Aortic valve sparing techniques: pearls and pitfalls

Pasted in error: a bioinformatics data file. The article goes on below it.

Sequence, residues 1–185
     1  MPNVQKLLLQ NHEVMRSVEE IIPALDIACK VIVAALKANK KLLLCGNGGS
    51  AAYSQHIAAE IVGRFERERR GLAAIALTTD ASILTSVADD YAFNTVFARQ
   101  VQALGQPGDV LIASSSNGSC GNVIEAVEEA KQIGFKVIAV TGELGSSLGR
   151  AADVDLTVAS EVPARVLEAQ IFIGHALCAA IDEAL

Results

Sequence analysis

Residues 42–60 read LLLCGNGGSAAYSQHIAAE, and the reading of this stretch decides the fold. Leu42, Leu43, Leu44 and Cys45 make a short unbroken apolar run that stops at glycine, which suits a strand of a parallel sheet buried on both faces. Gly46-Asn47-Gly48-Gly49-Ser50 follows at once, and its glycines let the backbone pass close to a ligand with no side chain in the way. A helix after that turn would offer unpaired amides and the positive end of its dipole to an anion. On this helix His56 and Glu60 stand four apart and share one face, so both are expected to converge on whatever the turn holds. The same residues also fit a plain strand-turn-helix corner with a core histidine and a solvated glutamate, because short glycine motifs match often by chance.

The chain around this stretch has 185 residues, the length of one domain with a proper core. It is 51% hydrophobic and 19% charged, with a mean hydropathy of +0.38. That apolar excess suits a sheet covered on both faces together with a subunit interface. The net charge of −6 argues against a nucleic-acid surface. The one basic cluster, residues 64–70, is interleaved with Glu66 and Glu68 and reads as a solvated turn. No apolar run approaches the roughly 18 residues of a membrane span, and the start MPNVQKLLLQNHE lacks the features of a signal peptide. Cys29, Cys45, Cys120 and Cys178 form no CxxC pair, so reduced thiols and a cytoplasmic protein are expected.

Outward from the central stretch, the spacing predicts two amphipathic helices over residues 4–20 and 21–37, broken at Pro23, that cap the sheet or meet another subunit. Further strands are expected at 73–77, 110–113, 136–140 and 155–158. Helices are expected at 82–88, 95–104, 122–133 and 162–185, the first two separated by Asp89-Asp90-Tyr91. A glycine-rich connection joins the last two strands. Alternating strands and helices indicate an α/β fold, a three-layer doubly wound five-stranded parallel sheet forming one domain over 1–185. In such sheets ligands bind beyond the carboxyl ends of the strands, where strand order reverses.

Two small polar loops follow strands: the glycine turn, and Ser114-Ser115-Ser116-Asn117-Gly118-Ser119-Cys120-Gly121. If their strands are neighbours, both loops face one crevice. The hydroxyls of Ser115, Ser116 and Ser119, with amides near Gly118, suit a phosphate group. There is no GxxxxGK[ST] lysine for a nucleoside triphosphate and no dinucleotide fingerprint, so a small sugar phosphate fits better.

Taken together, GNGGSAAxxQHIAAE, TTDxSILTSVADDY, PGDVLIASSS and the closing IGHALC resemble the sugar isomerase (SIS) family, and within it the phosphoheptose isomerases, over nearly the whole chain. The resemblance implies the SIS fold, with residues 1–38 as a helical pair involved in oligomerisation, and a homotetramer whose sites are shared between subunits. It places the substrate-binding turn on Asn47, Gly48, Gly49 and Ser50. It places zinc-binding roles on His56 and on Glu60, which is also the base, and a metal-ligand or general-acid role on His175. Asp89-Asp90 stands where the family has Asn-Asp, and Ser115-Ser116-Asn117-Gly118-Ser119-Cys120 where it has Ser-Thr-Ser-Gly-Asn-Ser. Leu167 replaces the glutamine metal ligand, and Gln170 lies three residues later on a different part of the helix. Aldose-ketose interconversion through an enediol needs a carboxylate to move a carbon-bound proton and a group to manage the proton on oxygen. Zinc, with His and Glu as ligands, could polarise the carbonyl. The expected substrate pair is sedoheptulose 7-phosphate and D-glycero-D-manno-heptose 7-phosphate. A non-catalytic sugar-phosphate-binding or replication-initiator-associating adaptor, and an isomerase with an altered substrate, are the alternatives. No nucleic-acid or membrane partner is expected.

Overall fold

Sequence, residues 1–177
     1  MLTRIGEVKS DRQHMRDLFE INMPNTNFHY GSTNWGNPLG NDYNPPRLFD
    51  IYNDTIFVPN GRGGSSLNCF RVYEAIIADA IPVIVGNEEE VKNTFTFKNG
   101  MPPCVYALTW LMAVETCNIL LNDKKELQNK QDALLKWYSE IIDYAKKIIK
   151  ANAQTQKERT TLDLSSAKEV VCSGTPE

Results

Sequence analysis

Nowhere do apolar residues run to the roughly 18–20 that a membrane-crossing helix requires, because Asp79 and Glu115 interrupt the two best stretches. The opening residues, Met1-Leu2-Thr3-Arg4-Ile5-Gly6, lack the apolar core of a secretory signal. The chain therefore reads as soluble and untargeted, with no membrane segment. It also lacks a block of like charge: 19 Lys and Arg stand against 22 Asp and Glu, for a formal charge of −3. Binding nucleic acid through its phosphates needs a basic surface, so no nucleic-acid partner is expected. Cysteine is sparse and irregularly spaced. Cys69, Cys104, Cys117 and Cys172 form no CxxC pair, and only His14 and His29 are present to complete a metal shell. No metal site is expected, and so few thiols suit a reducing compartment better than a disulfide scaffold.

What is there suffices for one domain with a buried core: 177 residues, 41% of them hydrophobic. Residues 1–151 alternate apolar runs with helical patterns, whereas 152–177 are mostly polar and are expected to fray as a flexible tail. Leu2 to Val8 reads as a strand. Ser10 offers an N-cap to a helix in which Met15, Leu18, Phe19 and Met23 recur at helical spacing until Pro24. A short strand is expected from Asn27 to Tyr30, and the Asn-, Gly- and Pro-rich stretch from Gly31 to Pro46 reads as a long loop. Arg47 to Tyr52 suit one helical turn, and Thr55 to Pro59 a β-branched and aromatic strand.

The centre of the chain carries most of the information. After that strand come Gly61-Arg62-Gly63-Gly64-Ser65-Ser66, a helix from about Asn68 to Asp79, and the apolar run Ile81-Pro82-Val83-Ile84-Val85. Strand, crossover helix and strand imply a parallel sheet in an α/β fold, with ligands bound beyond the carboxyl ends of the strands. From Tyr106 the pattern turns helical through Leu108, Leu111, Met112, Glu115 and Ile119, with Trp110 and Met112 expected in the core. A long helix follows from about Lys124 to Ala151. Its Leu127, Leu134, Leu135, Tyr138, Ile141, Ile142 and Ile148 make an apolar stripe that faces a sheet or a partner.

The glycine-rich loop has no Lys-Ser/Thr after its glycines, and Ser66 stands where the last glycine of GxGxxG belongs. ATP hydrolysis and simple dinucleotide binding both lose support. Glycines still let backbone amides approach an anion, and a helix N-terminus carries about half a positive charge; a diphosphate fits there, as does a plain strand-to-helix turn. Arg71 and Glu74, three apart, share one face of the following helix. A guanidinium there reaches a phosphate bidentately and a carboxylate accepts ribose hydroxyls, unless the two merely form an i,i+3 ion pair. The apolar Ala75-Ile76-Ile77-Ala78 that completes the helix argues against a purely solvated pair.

Aortic valve sparing procedures became more popular in the last decades due to the better understanding of aortic root physiology. Searching for an optimal root reconstruction several modifications have been proposed to the original reimplantation (David) and to the remodeling (Yacoub) technique. Currently, the most adopted technique worldwide is the reimplantation because of its peculiar characteristics of annular stabilization, support of the aortic wall, and better hemostatic efficacy. The remodeling technique aims for optimal root restoration, but does not prevent annular dilatation and may be associated with a higher risk of bleeding. The main theoretical issue with the classic reimplantation operation is the elimination of Valsalva’s sinuses which play a fundamental role in regulating leaflet dynamics. On the other hand, data on long-term aortic valve performance in classic reimplantation procedures without sinuses appears to hold well the test of time. However, over the time this technique has been often modified attempting to re-create sinuses, it is therefore difficult to draw definite conclusions. In the last decade, the use of “anatomic” Dacron graft designed specifically for root reconstruction or specific modifications to the straight Dacron graft, led to a standardization of the technique and consequently to a stable improvement of the results and to the diffusion of the reimplantation. However, long-term durability of the spared valve assessed by the incidence of residual aortic valve insufficiency and/or the need for reoperation during the follow-up is still to be clarified. Overall, the results are satisfactory especially in consideration of the relatively “young age” of this technique. A spared aortic valve with moderate valve regurgitation and/or eccentric aortic jet soon after the procedure, will invariably lead to a later need for reoperation. Therefore, a good coaptation height inside a repaired root warrant long-lasting results.